Makiko Hirabayashi may be the ideal emblem of today's multicultural jazz musician, caught in a web of influences. Born in Tokyo and educated in Boston, Hirabayashi is now a major pianist in Denmark, where she resides. Her debut album signals this globalism, presenting her with two top-notch Danish players on her own compositions.Makiko
showcases a careful choice of tones and sounds, all of which add up to a common texture: cloudy, occasionally mystifying, and most frequently somber. "Camel Ride" bears a certain resemblance to the work of Brad Mehldau, in Hirabayashi's use of classical harmonies in a minor palette. The rhythmic elements, however, seem entirely original, and the eccentric play that the bass and drums are allowed, make it all the more intriguing.
However, at other times, the pianist's emphasis on a darker impressionism seems somehow unsatisfactory. "Clouds of Mt. Blanc" opens with rich, murky chords that are well complemented by Marilyn Mazur's percussion; but once the form opens up it lacks movement, stagnating on just a couple minor concepts for too long.
One of the peculiarities of Makiko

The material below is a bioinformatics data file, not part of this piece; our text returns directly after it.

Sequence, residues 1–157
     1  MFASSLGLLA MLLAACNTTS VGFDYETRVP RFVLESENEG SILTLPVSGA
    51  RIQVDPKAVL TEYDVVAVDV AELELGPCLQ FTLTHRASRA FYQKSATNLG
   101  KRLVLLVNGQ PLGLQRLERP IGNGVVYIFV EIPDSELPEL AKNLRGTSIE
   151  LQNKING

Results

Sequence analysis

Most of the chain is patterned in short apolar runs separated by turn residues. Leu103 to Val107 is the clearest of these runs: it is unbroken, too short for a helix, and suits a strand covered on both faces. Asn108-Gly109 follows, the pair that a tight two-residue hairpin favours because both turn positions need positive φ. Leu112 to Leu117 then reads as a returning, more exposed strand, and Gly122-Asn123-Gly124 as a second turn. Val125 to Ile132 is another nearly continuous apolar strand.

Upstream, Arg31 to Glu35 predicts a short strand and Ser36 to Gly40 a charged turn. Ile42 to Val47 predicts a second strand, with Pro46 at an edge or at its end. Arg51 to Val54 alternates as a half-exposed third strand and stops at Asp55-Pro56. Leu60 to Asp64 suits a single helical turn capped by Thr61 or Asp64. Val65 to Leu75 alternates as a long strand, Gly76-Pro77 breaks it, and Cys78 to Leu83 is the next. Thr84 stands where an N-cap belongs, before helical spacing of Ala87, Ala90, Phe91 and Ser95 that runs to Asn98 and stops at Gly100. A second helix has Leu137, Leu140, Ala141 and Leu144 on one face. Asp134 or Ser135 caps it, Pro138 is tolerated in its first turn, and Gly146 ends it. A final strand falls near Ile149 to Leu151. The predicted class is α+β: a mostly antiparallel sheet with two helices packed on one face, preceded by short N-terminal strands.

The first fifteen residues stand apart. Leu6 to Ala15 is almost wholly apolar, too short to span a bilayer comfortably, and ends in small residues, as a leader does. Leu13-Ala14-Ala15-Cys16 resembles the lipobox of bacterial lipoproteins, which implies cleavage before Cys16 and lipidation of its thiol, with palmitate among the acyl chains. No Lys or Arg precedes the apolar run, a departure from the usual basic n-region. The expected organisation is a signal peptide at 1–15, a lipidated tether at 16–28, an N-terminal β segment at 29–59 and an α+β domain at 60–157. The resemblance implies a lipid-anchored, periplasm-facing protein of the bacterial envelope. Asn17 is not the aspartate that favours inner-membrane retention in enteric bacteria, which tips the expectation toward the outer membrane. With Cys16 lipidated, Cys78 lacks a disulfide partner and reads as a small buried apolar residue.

is the album's arc. After a faltering beginning, the disc gets stronger the further one proceeds into it. The finest of the ten tracks are buried in the middle. As it seems, Hirabayashi has to wade through the less memorable of her compositions to reach the interest and excitement of "Camel Ride," "City Murmur," and "My Cherry Tree."
Hirabayashi's compositions can be evocative, with a strong atmospheric pull towards certain moods. However, the songs are hard to imagine in another's hands: they lack the melodic interest necessary to give them life beyond their composer. Most of Makiko
is not memorable in the way of great jazz standards. These songs flutter briefly and draw a listener in, but without a lasting power.
The potential for a higher order of composition is here, though. "Waves" fully demonstrates Hirabayashi's abilities, combining moods with remarkable grace. The pianist's melodies vacillate between an articulated series of notes that draw from the reductionist scales of the Far East, and esoteric, almost sinister lines. Underneath these voices, Mazur provides a range of peculiar and unearthly percussive effects, building until the dreamlike vision of the song seems to lose itself, gradually, in its own strangeness.
A composition like this one moves far past the expected and well-trodden ground that Hirabayashi elsewhere employs. As she further develops her melodies in future recordings, she will have the potential to chart very profound new territory.